Abstinence-Only Funding Not Dead if Congress Plays “Hide-the-Salami” Again

Wendy Norris

Will funding for abstinence-only-until marriage programs stay out of the budget once Congress gets its hands on it?

Reproductive health advocates cheered the news Friday that President Barack Obama proposed cutting cut two abstinence-only sex education programs totalling over $100 million from the federal budget in lieu of more effective, comprehensive teen pregnancy prevention programs.

But the real test of wills comes in the Congressional conference
committee on the federal budget where one Democratic member has a
penchant for playing “hide the salami” with funding for the
controversial chaste-until-marriage program.

As we’ve reported previously, the labyrinthine budgeting process Congress has been giving it away big time — to the tune of now more than $1.3 billion for abstinence-only programs in the past 10 years.

We’ve long-documented the fancy footsteps of Rep. David Obey (D-WI), chair of the powerful House Appropriations Committee, who
slipped additional funding into a 2007 report prepared by the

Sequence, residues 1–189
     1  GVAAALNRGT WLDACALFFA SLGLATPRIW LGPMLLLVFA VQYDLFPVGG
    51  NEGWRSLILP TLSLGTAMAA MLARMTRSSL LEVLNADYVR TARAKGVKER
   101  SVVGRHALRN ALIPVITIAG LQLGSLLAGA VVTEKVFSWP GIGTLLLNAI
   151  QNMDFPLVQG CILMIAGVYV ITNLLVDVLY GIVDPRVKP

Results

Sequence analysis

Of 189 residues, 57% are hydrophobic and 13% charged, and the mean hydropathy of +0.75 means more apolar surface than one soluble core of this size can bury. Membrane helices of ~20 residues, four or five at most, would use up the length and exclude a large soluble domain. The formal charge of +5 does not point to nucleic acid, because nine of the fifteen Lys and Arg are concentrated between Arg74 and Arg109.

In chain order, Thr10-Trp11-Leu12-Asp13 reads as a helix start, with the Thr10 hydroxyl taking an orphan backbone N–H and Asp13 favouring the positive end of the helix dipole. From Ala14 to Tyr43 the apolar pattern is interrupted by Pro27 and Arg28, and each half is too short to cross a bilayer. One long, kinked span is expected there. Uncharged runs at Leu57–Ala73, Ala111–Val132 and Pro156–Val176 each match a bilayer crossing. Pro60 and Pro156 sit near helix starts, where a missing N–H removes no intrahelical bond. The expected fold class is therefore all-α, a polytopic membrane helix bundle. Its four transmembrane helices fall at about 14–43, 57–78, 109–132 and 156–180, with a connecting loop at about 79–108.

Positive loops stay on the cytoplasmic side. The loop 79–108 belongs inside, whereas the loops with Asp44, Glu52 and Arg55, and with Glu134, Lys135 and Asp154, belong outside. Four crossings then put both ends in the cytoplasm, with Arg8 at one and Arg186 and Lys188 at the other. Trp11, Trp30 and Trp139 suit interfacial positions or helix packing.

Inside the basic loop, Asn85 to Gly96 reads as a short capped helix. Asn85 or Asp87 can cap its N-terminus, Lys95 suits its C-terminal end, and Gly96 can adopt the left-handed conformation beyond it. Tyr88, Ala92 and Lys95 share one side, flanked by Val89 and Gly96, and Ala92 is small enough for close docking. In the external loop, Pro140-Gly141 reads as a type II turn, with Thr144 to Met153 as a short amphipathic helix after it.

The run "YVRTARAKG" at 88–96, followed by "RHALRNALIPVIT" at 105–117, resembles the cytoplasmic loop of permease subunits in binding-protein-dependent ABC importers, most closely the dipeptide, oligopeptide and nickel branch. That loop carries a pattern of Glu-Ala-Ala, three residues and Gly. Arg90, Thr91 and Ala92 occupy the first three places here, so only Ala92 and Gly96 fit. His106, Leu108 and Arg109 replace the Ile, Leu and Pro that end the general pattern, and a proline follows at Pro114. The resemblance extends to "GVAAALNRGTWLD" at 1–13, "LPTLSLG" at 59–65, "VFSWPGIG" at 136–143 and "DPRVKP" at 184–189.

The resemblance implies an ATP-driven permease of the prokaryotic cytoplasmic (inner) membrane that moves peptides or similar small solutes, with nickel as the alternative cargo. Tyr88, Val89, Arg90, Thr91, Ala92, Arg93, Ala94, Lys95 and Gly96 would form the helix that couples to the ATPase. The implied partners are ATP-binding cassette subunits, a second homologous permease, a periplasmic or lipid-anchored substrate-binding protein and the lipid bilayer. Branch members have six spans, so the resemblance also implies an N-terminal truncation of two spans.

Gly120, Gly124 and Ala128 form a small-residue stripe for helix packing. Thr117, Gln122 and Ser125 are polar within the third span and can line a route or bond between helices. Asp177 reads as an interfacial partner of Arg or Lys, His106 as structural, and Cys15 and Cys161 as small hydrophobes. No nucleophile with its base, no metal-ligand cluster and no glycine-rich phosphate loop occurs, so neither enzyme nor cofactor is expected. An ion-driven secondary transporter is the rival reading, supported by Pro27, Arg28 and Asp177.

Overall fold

conference committee — the body responsible for ironing out final
discrepancies between the House and Senate versions of the Labor,
Health and Human Services and Education budget bill before it goes to
the president.

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Obey, a fierce proponent of “just say no to sex education,”
repeatedly crossed swords with reproductive health advocates in 2007
when he first attempted to boost funding for the Community-Based
Abstinence Education (CBAE) program to $141 million, a 25 percent
increase over last year.  In press accounts, Obey argued that the extra
funds are a necessary evil to placate conservative lawmakers in order
to make the larger spending bill veto-proof by then-President George W.

Whether Obey will abide Obama’s directive on the funding will be the
subject of close scrutiny by budget hawks, religious conservatives and
reproductive freedom groups, alike.

For her part, Denver Democrat Rep. Diana DeGette, a fierce advocate for
comprehensive sex education, said in a statement,
“Eliminating funding for ineffective abstinence-only programs
is a win for science. The Obama budget proposal invests in programs
that are effective and based on sound science, rather than wasting
millions of dollars on efforts that have been proven to be ineffective
at best.”

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